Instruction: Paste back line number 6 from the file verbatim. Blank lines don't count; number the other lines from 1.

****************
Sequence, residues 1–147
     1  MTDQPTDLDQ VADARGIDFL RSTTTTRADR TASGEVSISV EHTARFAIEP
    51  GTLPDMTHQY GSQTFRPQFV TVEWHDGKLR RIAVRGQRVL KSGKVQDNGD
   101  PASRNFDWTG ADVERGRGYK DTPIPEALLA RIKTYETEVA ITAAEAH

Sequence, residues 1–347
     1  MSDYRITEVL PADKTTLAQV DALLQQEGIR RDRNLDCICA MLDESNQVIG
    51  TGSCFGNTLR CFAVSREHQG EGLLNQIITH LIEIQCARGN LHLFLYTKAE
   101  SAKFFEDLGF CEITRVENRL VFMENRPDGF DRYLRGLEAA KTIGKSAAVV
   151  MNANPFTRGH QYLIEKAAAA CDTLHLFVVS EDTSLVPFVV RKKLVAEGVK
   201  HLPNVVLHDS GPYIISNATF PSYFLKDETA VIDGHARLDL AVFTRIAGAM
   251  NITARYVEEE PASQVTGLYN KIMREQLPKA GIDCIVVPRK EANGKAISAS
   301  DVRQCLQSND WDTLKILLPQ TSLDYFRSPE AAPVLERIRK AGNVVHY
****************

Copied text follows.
     1  MSDYRITEVL PADKTTLAQV DALLQQEGIR RDRNLDCICA MLDESNQVIG